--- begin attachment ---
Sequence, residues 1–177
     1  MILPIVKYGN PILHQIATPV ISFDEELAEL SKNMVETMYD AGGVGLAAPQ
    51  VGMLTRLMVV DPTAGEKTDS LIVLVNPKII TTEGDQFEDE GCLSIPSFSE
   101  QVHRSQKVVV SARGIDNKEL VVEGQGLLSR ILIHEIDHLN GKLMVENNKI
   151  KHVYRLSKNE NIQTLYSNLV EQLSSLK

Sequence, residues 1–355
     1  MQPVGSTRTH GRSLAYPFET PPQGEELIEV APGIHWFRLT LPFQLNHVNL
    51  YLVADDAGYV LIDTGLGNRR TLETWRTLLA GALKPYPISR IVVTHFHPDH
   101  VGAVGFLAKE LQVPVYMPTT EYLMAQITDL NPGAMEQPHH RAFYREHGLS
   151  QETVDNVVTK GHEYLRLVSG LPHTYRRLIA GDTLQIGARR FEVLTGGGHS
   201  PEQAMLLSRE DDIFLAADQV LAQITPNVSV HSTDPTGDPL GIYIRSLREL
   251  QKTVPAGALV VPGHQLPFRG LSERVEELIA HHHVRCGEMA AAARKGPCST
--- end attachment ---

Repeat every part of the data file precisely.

Sequence, residues 1–177
     1  MILPIVKYGN PILHQIATPV ISFDEELAEL SKNMVETMYD AGGVGLAAPQ
    51  VGMLTRLMVV DPTAGEKTDS LIVLVNPKII TTEGDQFEDE GCLSIPSFSE
   101  QVHRSQKVVV SARGIDNKEL VVEGQGLLSR ILIHEIDHLN GKLMVENNKI
   151  KHVYRLSKNE NIQTLYSNLV EQLSSLK

Sequence, residues 1–355
     1  MQPVGSTRTH GRSLAYPFET PPQGEELIEV APGIHWFRLT LPFQLNHVNL
    51  YLVADDAGYV LIDTGLGNRR TLETWRTLLA GALKPYPISR IVVTHFHPDH
   101  VGAVGFLAKE LQVPVYMPTT EYLMAQITDL NPGAMEQPHH RAFYREHGLS
   151  QETVDNVVTK GHEYLRLVSG LPHTYRRLIA GDTLQIGARR FEVLTGGGHS
   201  PEQAMLLSRE DDIFLAADQV LAQITPNVSV HSTDPTGDPL GIYIRSLREL
   251  QKTVPAGALV VPGHQLPFRG LSERVEELIA HHHVRCGEMA AAARKGPCST